14 washing into a storm sewer, ditch, brook or pond is subject to prosecution under the Environmental Control (Water & Sewer) Regulations. 2) The rinsing of the chute may be carried out at the delivery site but care and caution must be taken before any concrete is rinsed from a chute at the delivery site. It is permissable to rinse onto the ground or soil but under no circumstances into a pond or stream or onto a surface that leads directly to a water body, such as a storm sewer. 3) The concrete batch plant operator must construct a containment pond into which all truck washing is to be done. This pond would be about 40 feet by 15 ft and no more than 3 ft deep. The material used to form the bottom and sides of the pond may be either, a clay like soil that is compacted prior to any washing of trucks into the pond or a man made material that would line and seal the pond. Department approval must be obtained before installing a man made or synthetic liner. The pond should be constructed on higher ground and not be allowed to have water exit freely or have any sort of stream or brook running into or out of the pond, that is to say that the pond is to be self contained with no inlets or outlets and with no possibility of surface drainage going into it. 4) Any trucks returning with unused concrete must dispose of this concrete into an area able to contain it while still in liquid form before the trucks can be washed. Once the concrete has hardened it may be used as fill material. Liquid concrete is not permitted to run freely over the ground. 5) Once all concrete has been removed from the truck, the truck may be brought over to the containment pond where washing can take place. Any water that is used to wash the truck must be directed into the pond. Operators are encouraged to reuse the water from the pond to wash cement trucks.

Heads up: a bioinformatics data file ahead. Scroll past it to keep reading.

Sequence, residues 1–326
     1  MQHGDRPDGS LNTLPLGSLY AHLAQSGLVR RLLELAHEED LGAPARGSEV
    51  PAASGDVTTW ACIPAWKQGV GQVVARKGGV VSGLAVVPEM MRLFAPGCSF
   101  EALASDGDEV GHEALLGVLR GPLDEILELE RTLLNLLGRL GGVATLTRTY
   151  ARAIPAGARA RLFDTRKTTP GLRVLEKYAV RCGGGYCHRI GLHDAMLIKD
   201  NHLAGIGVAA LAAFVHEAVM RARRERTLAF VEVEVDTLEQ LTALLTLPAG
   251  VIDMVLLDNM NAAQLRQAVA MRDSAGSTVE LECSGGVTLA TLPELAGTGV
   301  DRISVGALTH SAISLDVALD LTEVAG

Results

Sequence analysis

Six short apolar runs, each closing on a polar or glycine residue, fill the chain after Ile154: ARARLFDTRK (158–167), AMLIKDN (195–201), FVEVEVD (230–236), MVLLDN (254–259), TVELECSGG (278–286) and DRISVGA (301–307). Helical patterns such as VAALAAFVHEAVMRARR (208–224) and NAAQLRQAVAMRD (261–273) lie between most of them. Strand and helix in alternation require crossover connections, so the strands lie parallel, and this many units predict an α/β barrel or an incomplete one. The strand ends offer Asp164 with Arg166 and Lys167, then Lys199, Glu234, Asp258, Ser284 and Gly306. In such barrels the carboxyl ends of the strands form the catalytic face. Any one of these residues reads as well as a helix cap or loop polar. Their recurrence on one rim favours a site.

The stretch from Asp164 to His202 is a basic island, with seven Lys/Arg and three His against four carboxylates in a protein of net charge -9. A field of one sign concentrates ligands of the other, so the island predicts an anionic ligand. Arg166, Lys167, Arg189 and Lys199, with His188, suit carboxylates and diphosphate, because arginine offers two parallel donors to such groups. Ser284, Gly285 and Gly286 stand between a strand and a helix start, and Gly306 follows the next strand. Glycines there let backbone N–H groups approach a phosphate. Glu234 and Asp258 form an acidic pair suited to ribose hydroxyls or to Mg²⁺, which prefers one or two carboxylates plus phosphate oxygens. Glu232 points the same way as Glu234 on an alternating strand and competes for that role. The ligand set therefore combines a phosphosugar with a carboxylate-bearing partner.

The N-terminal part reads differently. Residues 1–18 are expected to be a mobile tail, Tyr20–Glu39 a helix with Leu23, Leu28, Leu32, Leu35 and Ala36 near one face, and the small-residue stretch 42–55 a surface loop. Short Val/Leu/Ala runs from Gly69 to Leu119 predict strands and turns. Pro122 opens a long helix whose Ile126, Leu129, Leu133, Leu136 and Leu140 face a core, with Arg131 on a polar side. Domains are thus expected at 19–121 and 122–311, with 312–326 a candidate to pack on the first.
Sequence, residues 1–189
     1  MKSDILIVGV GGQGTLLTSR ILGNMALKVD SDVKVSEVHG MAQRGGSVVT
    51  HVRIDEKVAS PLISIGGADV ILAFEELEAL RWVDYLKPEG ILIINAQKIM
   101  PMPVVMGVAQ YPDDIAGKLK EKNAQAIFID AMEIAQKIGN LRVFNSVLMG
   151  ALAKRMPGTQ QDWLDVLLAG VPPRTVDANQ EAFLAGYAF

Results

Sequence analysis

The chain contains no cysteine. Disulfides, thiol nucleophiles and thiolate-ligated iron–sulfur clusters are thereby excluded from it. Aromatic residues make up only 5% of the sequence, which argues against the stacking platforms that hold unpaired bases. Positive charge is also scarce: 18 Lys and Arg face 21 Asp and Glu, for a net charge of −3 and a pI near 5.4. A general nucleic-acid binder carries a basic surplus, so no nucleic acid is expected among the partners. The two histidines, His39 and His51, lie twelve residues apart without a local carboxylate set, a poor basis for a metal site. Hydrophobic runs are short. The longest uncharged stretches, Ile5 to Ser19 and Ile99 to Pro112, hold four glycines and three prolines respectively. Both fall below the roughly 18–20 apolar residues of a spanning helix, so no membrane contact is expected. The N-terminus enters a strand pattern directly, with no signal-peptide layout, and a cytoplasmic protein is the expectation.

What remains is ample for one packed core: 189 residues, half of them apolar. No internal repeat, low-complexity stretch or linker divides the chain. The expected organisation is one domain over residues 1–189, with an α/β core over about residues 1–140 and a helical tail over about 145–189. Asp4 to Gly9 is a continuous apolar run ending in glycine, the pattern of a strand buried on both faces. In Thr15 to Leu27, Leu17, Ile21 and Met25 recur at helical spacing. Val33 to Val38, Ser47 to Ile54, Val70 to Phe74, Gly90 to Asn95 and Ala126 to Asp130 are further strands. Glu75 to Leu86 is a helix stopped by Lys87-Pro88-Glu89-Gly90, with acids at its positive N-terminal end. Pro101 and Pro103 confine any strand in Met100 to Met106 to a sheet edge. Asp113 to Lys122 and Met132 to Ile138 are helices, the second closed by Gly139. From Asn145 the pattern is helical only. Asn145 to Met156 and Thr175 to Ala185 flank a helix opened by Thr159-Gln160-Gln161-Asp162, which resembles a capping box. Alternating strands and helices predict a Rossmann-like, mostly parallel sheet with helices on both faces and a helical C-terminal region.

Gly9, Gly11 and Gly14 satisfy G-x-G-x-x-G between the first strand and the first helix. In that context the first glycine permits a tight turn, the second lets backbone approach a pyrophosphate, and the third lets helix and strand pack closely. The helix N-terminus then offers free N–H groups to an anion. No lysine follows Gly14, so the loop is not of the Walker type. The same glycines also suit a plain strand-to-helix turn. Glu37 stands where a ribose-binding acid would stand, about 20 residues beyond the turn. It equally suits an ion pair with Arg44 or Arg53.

15 - 12-6) If for any reason the water level in the pond reaches a height that necessitates discharge, the effluent must meet the criteria described in section 2.7 before it would be permitted to be discharged directly or indirectly into a storm sewer, body of water or onto the ground.